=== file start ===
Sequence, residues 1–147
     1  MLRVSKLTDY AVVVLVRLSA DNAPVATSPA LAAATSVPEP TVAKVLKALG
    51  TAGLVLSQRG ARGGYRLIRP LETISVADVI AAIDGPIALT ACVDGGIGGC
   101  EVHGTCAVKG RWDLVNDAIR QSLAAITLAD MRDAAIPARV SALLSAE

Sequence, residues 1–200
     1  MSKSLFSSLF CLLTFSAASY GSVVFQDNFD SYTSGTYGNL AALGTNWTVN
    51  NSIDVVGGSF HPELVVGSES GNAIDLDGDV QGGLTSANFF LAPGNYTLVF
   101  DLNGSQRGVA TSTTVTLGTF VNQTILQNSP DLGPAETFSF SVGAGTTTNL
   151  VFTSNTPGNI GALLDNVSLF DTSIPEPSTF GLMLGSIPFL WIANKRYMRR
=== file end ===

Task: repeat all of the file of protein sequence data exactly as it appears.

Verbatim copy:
Sequence, residues 1–147
     1  MLRVSKLTDY AVVVLVRLSA DNAPVATSPA LAAATSVPEP TVAKVLKALG
    51  TAGLVLSQRG ARGGYRLIRP LETISVADVI AAIDGPIALT ACVDGGIGGC
   101  EVHGTCAVKG RWDLVNDAIR QSLAAITLAD MRDAAIPARV SALLSAE

Sequence, residues 1–200
     1  MSKSLFSSLF CLLTFSAASY GSVVFQDNFD SYTSGTYGNL AALGTNWTVN
    51  NSIDVVGGSF HPELVVGSES GNAIDLDGDV QGGLTSANFF LAPGNYTLVF
   101  DLNGSQRGVA TSTTVTLGTF VNQTILQNSP DLGPAETFSF SVGAGTTTNL
   151  VFTSNTPGNI GALLDNVSLF DTSIPEPSTF GLMLGSIPFL WIANKRYMRR